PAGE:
By Humphrey Carter
THE on-going investigations into the activities of CIA snatch squads in Europe by European governments and the media in the United States have revealed not only the identities of some 69 CIA agents involved but also their training and spending patterns.

According to the Chicago Tribune and information it has ascertained from Spanish and Italian police, CIA agents involved in the suspect covert “rendition” operations (the alleged snatching of terrorist suspects and transportation on private jets through European airports to holding camps for questioning) spent small fortunes in either the build up to an operation or on rest and recuperation breaks in between missions.

While CIA planes are known to have used Palma airport on at least 10 occasions last year, it has yet to be confirmed whether or not the planes were carrying CIA “prisoners.”

NO PRISONERS
The Bush administration has assured Spain that none of the planes stopping in Palma and elsewhere in Spain had prisoners on board, that they had not infringed Spanish law and that the Majorca stop overs were to re-fuel flying to and from the United States.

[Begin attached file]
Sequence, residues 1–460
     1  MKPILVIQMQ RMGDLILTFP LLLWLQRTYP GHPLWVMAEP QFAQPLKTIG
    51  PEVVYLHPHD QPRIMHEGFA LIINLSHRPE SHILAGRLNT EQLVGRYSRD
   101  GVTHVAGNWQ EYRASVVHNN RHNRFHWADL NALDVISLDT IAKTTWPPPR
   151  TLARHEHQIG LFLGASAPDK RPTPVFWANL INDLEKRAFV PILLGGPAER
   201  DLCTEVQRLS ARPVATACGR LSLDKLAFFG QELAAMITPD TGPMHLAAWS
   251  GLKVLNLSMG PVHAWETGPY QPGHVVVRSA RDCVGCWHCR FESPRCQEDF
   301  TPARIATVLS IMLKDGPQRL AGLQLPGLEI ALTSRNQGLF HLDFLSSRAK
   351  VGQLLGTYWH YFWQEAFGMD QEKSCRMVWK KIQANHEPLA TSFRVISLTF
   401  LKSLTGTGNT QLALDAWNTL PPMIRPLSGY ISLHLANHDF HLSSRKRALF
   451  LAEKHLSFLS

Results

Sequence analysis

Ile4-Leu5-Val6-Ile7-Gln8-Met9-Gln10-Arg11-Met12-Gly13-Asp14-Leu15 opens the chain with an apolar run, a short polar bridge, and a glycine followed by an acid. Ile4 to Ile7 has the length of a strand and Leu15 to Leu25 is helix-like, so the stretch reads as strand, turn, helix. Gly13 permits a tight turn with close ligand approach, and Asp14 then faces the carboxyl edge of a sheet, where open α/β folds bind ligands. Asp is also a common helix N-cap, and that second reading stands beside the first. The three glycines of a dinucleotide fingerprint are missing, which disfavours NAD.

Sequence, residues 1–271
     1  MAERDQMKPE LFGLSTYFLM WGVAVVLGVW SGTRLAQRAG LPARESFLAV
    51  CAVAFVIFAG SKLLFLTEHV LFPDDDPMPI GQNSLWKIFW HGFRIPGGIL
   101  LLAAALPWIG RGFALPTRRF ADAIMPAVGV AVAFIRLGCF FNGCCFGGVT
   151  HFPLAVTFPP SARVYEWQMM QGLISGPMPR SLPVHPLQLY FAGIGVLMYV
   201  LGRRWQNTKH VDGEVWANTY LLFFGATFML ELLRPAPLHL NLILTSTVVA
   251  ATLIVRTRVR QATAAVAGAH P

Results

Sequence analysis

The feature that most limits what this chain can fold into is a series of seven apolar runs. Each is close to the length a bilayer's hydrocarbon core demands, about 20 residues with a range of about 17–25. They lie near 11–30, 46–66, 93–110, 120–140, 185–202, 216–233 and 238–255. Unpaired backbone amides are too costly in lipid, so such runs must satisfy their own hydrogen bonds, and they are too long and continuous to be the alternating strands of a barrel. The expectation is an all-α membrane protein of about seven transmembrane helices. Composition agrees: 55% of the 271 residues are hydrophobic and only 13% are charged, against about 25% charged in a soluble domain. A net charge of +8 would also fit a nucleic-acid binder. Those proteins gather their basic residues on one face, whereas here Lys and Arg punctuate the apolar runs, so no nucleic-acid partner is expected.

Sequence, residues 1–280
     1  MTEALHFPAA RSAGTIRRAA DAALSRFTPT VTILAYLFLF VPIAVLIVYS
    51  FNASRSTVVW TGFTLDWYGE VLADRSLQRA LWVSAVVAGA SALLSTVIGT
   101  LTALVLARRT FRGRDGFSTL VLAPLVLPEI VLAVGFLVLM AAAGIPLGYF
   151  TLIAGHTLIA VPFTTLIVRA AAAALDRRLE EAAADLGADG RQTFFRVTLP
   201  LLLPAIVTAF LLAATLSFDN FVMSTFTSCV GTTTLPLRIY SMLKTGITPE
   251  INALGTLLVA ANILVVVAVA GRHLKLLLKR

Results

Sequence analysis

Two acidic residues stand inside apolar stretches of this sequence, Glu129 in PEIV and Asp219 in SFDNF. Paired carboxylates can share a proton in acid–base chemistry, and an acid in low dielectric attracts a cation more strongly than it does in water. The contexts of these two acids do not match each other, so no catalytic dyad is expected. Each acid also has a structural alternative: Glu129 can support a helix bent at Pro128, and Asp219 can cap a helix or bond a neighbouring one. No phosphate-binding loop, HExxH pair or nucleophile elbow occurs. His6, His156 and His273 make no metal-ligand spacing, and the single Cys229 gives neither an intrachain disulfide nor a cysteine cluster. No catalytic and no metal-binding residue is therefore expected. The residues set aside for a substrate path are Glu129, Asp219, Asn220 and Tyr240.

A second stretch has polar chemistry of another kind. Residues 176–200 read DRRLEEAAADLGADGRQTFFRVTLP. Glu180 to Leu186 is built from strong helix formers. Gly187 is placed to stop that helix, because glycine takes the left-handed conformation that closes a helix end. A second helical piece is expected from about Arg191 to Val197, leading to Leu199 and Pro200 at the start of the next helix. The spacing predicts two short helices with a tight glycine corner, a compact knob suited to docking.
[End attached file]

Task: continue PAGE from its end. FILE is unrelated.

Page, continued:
However, according to the Tribune both a Boeing 737 and a Gulfstream jeet which used Palma were involved with two alleged rendition operations.
The 737 was apparently used in January last year when a rendition team collected a Kuwaiti-born German, Khalid el-Masri, and flew him to Afghanistan while the Gulfstream was used to pick up a Muslim preacher called Abu Omar in Italy and fly him to Cairo.

What is more, according to the Guardia Civil, the 737 spent five days in Palma in April 2004 before departing for Libya. Another two Majorca stop overs lasted three days, there were five two-day visits and three others that lasted a day and a night and the CIA teams spent much of their time staying at two of Palma's most luxurious hotels.

OVER BUDGET
In fact, Milan and Palma appeared to be the CIA's special operations teams' favourite rest stops. It appears that the CIA operatives on the rendition missions were allowed to run up bills way over the permitted budget in places like Palma because they were some of the agency's most experienced members. The CIA drew on experts from its paramilitary unit which is largely made up of former Special Forces, serving CIA intelligence officers as well specialists in surveillance, communications and behavioural sciences to form its special operations teams used to fly around the world on board a fleet of “private” CIA aircraft apparently picking up wanted suspects.

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